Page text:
Great Crossings: Indians, Settlers, and Slaves in the Age of Jackson (Oxford, 2017) is a dramatic and vibrant story of a little-known Kentucky school, the Choctaw Academy. Christina Snyder, McCabe-Greer Professor of History at Penn State University, argues that this short-lived institution represented both the promise of a multi-ethnic American society, as well as the withering of that dream during the era of Jacksonian Democracy and Indian Removal. Snyder presents several characters, including the Choctaw scion Peter Pitchlynn, the enslaved nurse and sometime-plantation overseer Julia Chinn, and her mate and master, Vice President Richard M. Johnson. Each person’s story (as well as several others) underscores the complicated hierarchies of race and class in antebellum America, as their histories intertwine with that of the Choctaw Academy and its students. Winner of the 2018 Francis Parkman Prize from the Society of American Historians, Great Crossings is a richly told and thickly researched tale that upends simple narratives of pre-Civil War American society, Native nations, and enslaved people. In their place, Snyder tells of complex humans acting by turns graciously and selfishly, with cruelty and with kindness, as the diverse population of the antebellum American West fumbled its way into the modern era. Stephen Hausmann is a doctoral candidate at Temple University and Visiting Instructor of history at the University of Pittsburgh. He is currently writing his dissertation, a history of race and the environment in the Black Hills and surrounding northern plains region of South Dakota, Wyoming, and Montana. Learn more about your ad choices. Visit megaphone.fm/adchoicesSupport our show by becoming a premium member! https://newbooksnetwork.supportingcast.fm/history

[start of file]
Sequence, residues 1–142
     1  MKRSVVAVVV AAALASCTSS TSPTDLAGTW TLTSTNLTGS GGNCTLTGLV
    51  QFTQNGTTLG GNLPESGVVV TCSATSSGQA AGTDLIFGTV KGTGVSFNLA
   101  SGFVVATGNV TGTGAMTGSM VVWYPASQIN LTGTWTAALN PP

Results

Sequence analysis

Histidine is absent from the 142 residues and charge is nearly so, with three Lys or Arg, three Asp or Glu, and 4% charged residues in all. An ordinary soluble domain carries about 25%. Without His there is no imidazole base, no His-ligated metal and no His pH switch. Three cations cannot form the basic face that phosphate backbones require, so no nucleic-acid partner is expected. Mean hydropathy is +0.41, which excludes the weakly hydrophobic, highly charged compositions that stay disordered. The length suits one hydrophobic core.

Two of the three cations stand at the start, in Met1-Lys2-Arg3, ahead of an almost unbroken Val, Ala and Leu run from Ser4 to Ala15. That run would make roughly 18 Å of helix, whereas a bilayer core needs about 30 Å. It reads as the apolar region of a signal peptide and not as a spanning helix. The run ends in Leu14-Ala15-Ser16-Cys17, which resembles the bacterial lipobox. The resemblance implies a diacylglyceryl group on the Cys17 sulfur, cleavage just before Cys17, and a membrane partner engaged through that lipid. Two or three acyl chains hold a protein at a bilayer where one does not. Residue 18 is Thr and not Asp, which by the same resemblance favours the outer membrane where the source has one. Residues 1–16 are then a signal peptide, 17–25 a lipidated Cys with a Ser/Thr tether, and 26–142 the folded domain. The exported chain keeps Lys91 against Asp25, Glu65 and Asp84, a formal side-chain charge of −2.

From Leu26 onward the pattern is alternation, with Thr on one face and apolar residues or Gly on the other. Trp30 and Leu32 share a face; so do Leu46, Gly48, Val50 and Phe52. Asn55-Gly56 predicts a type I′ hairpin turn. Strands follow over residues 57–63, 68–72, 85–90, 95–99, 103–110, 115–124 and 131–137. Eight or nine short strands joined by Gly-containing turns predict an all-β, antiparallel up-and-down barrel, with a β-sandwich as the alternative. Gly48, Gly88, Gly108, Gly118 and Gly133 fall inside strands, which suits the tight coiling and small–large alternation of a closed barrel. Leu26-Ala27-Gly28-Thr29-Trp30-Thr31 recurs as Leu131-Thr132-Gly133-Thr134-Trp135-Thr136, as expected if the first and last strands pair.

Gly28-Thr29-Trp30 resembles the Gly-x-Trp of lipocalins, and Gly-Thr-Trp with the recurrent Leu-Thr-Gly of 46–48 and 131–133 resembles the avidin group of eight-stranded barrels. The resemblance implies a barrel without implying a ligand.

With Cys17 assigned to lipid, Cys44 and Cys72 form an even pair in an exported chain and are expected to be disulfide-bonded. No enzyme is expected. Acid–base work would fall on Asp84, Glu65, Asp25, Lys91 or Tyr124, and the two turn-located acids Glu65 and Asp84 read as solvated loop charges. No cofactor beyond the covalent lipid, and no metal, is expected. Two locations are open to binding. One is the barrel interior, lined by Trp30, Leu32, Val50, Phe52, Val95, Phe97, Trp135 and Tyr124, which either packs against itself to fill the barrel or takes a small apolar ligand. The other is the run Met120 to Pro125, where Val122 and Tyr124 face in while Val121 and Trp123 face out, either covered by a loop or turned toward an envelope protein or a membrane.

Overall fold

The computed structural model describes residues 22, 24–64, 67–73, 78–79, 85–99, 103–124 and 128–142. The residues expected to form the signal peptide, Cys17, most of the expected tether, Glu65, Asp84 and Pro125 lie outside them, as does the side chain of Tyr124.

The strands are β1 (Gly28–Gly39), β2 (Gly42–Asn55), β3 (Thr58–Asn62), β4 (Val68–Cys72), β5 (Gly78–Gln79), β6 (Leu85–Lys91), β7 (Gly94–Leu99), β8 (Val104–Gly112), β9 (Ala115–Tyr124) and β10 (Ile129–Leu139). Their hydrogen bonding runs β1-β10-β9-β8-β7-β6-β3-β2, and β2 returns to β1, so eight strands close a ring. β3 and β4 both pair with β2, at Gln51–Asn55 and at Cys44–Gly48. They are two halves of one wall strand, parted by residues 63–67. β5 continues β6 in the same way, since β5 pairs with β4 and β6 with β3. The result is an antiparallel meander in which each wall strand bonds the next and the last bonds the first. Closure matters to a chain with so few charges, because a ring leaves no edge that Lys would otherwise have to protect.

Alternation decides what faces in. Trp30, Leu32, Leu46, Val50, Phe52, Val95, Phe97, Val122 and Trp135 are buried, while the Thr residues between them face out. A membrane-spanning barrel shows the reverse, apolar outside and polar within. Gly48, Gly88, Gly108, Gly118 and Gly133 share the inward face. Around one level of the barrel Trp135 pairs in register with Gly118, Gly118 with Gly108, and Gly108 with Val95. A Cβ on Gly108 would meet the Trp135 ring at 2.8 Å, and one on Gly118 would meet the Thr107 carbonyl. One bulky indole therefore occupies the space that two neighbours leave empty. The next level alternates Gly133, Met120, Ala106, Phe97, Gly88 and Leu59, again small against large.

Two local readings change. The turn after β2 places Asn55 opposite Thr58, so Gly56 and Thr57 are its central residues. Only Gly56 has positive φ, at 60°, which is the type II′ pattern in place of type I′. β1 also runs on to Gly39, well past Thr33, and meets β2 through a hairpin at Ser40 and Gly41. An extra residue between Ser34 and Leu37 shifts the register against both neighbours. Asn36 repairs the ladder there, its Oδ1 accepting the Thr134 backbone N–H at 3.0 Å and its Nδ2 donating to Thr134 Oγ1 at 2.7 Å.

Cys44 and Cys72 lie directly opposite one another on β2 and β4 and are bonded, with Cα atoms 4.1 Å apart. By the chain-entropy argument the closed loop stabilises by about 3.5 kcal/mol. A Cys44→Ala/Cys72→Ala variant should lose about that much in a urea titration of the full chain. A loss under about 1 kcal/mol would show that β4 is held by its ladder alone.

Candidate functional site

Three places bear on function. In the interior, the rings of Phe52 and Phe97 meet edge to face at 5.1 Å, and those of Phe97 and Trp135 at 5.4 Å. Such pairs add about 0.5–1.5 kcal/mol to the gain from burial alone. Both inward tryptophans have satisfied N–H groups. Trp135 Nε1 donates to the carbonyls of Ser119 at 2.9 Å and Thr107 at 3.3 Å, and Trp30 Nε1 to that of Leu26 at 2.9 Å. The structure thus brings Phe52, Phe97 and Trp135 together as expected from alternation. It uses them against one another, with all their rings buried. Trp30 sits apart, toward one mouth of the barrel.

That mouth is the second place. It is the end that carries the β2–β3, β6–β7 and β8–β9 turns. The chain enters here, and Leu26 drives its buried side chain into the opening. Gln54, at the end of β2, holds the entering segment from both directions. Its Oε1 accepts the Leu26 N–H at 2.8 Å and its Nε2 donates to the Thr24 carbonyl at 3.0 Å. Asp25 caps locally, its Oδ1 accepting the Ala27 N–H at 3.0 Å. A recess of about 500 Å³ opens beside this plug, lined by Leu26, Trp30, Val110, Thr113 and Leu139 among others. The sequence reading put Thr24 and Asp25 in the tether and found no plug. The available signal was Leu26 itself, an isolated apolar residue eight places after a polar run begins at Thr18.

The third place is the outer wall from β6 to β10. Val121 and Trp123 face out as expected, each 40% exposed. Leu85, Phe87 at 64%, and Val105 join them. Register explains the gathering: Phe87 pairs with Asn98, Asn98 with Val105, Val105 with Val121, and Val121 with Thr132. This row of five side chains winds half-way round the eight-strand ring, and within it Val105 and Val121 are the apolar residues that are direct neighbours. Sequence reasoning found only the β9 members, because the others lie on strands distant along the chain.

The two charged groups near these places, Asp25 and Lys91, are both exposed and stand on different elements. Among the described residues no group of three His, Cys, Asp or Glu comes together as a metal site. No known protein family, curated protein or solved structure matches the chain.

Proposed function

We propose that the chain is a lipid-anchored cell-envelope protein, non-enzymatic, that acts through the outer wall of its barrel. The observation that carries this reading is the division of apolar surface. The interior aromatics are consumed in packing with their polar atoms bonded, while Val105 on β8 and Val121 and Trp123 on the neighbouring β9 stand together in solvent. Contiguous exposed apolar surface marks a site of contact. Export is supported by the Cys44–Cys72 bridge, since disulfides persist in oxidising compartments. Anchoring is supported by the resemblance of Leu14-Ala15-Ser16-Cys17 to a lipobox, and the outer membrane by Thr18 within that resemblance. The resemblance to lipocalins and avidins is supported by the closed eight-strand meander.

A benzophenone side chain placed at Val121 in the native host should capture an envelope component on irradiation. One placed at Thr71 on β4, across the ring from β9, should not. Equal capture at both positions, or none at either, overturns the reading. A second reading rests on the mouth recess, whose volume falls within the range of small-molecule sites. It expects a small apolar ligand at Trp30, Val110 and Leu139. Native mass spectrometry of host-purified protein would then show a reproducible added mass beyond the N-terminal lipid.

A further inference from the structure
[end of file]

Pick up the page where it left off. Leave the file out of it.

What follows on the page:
57mins

18 Sep 2018

Episode artwork

021 Indians, Settlers, and Slaves at Great Crossings with Christina Snyder

The Age of Jackson Podcast